Only outlines remain
The mention of Lord Fairfax started me thinking about the next day’s journey.
Thomas, Sixth Lord Fairfax of Cameron, was an eccentric bachelor who lived on a backwoods estate just outside Winchester. Fairfax owned a large portion of the colony of Virginia, holdings that Washington would survey over the next few years.
The last stop on my journey, the Fort Belvoir military installation some 20 miles south of Washington, is where Fairfax’s extended family lived on what was then Belvoir Plantation.
Family connections – Washington’s older half-brother Lawrence was married to a Fairfax – brought Washington to Belvoir often. But he also was in love with one of its residents – the wife of his good friend George William Fairfax.
The site where the mansion once stood is inside Fort Belvoir on a bluff overlooking the Potomac, where a brick outline marks its foundation. Although the view of the river is blocked by trees, a trail that runs along the bluff offers visitors some spectacular panoramas. No buildings remain, but an abundance of plaques explains the plot’s significance.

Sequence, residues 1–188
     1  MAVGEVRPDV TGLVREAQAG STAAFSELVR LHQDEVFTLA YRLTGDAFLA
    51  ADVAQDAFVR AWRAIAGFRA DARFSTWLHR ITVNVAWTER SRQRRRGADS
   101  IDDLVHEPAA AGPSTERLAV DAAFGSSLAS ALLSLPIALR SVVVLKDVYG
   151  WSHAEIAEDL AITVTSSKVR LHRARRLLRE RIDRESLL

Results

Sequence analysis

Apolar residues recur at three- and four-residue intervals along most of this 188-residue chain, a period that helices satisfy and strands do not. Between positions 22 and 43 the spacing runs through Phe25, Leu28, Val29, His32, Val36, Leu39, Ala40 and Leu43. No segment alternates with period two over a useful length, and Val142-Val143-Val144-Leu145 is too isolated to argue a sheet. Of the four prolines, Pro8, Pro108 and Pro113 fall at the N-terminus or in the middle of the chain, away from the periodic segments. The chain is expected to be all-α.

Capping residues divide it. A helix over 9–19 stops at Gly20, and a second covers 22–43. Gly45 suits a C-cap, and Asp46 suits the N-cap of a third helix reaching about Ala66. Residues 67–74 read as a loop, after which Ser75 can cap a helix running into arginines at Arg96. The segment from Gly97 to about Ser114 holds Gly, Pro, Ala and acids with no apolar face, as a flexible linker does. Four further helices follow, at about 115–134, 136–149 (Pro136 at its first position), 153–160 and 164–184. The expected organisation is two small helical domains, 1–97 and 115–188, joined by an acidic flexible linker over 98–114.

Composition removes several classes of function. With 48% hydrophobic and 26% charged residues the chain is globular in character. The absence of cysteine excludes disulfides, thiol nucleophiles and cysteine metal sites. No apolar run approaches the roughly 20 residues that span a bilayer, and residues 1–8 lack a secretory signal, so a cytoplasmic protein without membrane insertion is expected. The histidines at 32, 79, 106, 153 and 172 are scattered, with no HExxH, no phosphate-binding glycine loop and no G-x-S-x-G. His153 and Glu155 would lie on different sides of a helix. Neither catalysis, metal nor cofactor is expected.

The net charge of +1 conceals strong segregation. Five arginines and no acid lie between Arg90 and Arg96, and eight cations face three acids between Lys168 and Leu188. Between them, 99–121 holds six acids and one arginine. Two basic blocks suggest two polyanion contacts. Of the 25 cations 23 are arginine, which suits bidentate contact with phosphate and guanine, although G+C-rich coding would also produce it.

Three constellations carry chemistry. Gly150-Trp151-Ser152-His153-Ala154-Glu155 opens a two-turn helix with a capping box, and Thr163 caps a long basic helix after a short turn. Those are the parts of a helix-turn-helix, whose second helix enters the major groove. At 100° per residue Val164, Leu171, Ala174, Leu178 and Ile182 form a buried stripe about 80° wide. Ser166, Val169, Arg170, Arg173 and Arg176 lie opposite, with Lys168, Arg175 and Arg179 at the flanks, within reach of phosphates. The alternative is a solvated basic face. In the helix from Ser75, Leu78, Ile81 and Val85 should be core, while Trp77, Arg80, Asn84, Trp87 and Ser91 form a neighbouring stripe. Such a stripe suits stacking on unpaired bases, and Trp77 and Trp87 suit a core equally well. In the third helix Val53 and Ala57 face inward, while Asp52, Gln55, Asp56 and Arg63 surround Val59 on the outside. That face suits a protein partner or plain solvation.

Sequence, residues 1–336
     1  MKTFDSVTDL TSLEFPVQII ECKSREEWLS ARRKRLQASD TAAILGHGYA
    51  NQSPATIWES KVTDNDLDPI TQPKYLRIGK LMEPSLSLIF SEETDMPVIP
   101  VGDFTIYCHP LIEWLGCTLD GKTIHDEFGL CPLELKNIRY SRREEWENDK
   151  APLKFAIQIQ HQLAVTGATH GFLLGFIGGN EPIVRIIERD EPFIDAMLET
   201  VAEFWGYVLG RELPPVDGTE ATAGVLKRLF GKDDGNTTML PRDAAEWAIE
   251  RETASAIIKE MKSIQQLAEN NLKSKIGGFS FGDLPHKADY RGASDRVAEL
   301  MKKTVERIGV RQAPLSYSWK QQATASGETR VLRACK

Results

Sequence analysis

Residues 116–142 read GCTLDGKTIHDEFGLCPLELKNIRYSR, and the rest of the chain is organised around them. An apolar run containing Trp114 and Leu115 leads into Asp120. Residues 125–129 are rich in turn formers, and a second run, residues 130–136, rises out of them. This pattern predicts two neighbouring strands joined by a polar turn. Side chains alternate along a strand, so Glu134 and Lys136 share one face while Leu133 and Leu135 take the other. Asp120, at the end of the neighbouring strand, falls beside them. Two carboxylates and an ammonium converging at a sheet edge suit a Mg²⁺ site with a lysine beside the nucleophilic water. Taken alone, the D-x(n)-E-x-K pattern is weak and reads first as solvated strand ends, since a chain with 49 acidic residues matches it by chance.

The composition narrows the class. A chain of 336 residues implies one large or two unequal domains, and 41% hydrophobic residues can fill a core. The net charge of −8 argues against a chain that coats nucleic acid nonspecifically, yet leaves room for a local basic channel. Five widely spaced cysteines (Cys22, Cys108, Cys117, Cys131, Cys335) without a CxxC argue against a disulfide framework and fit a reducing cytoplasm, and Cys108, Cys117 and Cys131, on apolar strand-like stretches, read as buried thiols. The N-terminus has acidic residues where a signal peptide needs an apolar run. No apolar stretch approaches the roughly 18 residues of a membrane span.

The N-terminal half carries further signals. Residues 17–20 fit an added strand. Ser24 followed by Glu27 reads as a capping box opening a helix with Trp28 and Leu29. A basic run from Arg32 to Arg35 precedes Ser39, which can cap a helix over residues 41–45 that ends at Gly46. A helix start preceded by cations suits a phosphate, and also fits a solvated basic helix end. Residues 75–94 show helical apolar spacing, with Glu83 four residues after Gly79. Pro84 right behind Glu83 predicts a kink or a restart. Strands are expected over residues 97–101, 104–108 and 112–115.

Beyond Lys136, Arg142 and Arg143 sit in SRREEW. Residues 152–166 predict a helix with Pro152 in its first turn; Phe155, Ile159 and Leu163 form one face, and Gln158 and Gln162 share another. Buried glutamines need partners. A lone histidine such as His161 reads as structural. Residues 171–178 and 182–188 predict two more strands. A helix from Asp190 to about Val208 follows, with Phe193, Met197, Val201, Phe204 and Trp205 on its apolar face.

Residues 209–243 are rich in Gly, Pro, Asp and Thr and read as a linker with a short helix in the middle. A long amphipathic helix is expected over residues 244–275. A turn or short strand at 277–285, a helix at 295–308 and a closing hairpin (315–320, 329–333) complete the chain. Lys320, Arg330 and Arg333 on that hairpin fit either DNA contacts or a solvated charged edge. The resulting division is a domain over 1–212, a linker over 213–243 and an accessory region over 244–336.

Though visiting crumbled historical sites such as Belvoir is primarily a feat of imagination, it’s surprisingly gratifying to picture young Washington coming here, trying to make something of himself in a world where his future was still uncertain.
If you go
Where to eat
▪ Bonnie Blue
334 W. Boscawen St., Winchester
Southern cooking, barbecue and baked goods abound. The shrimp and grits are a knockout. Entrees start at $7.
1006 C/D Caroline St., Fredericksburg
Focus is on locally sourced ingredients. Dinner entrees hover around $20.
▪ Su Pollo
8741 Richmond Hwy., Alexandria
Tasty, inexpensive Latin American fare. A quarter chicken plus a salad and side is $6.75.
What to do
▪ Belvoir Mansion Historic Area
Corner of Forney Loop and Fairfax Drive, Fort Belvoir